Intel Supercomputers Say BP Oil Spill Will Spread Up the East Coast

A University of Hawaii simulation of the spread of oil from the BP spill
A University of Hawaii simulation of the spread of oil from the BP spill

As BP (BP) has struggled to cap the gushing Deepwater Horizon well for the past three months and tens of millions of gallons of oil have escaped into the Gulf of Mexico, scientists have speculated about how far the spilled crude would range from the initial disaster site.

Complex models crunched on supercomputers suggest that the oil will wash not only ashore on the West Coast of Florida but will also reach much of the entire Eastern Seaboard of the U.S.

Two teams of researchers, from the University of Hawaii and the National Center for Atmospheric Research (NCAR), have relied on some of the planet's fastest supercomputers to compile these models, which take into account myriad factors including tides, currents, winds, water temperatures and the relative weights of oil versus water.

Dropping a "Virtual Dye" Into the Water

The NCAR team used an Encanto Supercomputer, housed at an Intel (INTC) facility in New Mexico, to perform the calculations. The massive water-cooled system uses 3,500 Intel XEON processors linked for superfast calculations. Led by scientist Synte Peacock, the NCAR team retooled an existing computer model called the Parallel Ocean Program that was designed to measure the "weather" in the ocean by visualizing and simulating disparate currents and flows around the world. The researchers then tweaked the model to set it to start from the coordinates of the Deepwater Horizon spill zone.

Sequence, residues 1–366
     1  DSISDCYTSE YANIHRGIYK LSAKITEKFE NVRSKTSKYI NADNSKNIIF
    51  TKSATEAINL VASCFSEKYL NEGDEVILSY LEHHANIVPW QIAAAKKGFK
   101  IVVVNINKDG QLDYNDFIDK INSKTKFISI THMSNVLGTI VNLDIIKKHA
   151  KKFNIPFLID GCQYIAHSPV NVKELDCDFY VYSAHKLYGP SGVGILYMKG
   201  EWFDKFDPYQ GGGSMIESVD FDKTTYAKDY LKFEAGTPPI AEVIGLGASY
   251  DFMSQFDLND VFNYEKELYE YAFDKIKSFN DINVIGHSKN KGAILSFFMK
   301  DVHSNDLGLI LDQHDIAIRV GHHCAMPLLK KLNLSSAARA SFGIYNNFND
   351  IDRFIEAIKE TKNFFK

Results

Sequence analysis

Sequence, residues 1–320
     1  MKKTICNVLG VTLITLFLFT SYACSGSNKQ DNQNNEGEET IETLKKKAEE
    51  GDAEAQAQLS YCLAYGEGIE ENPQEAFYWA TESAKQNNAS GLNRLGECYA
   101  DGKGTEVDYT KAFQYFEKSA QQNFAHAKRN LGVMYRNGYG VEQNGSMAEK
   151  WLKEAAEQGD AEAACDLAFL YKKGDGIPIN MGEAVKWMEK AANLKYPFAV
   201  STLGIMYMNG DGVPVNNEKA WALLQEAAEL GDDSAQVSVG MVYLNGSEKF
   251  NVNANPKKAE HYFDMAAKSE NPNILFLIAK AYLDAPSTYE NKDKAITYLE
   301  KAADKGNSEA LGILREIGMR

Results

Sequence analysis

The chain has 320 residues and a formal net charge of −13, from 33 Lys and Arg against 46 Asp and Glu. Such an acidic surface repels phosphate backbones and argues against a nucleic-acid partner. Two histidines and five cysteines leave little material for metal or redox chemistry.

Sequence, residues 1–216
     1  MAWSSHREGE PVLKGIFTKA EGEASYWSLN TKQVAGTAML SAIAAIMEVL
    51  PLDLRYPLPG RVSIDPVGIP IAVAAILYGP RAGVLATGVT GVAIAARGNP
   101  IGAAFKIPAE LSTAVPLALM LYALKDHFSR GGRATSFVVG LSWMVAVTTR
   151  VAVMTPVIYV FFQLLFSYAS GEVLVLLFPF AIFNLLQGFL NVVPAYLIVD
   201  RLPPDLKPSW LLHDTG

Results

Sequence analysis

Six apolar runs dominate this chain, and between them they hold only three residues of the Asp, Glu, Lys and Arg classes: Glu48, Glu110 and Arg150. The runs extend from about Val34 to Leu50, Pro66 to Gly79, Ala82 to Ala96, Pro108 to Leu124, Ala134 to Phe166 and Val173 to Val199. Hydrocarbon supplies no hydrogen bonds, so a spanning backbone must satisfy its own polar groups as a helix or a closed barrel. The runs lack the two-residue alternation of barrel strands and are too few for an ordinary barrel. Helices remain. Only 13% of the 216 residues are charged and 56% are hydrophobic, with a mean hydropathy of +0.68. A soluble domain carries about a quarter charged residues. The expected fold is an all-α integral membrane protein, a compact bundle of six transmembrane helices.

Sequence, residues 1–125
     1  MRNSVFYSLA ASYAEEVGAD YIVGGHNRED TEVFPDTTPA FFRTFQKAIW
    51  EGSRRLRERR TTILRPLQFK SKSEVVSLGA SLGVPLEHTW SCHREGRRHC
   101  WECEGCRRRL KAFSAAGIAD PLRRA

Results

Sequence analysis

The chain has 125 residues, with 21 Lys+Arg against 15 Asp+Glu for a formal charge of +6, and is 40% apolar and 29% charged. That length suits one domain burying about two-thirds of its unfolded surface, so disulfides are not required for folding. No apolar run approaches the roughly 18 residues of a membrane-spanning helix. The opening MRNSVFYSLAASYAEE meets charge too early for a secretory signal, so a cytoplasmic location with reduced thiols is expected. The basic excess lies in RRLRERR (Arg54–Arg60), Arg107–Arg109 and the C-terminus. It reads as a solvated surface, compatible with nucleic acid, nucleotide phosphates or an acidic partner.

"We basically dropped a 'virtual dye' in the water, and then watched to see where it would go," Peacock said, according to a blog posting on the Inside Scoop @Intel. The results showed that the Gulf of Mexico's powerful Loop Current is likely to push the oil eastward, hitting Florida and then swinging around the Sunshine State. From there, the oil would accelerate as it hit the fast-moving current of the Atlantic Ocean's Gulf Stream conveyor belt, which extends up the East Coast before swinging toward Europe.

The Hawaii team conducted research using a different computer model but with similar results. The team of researchers from the School of Ocean and Earth Science and Technology (SOEST) at the University of Hawaii at Manoa simulated the effect of 8 million buoyant particles continuously released from April 20 to Sept. 17, 2010, at the coordinates of the Deepwater Horizon oil rig.

The Carolinas, Georgia and Norther Florida Will See Oil

For this simulation the team used a computer model called the high-resolution Ocean General Circulation Model For the Earth Simulator (OFES). The simulation assumed an estimated flow of oil from the Deepwater Horizon well of 50,000 barrels per day over a 150-day period. Like the NCAR model, the OFES model calculated that the oil moves across the Gulf of Mexico, enters the Loop Current and the nearby Florida Current, before reaching the Gulf Stream.

"After one year, about 20% of the particles initially released at the Deepwater Horizon location have been transported through the Straits of Florida and into the open Atlantic," said UH oceanographer Axel Timmermann.

The upshot? Coastlines of the Carolinas, Georgia and Northern Florida could witness the arrival of the oil spill as early as October 2010. Other states up the East Coast could also be affected, although less so because of the ongoing dilution of the spill as it travels north. Fortunately, Europe will probably be spared due to the same dilution effect.

The University of Hawaii team found that a likely spot to capture oil as it spreads is the narrow Straits of Florida. A video simulation of their research was posted on YouTube.